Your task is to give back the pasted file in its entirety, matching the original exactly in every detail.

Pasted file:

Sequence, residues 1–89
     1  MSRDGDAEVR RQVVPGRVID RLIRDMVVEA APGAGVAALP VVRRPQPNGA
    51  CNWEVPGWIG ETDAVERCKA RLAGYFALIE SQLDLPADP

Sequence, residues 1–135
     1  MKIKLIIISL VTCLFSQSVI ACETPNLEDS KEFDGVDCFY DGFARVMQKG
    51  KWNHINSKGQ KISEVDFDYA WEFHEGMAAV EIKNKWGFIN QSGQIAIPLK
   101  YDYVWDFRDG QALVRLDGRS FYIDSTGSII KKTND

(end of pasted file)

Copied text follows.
Sequence, residues 1–89
     1  MSRDGDAEVR RQVVPGRVID RLIRDMVVEA APGAGVAALP VVRRPQPNGA
    51  CNWEVPGWIG ETDAVERCKA RLAGYFALIE SQLDLPADP

Sequence, residues 1–135
     1  MKIKLIIISL VTCLFSQSVI ACETPNLEDS KEFDGVDCFY DGFARVMQKG
    51  KWNHINSKGQ KISEVDFDYA WEFHEGMAAV EIKNKWGFIN QSGQIAIPLK
   101  YDYVWDFRDG QALVRLDGRS FYIDSTGSII KKTND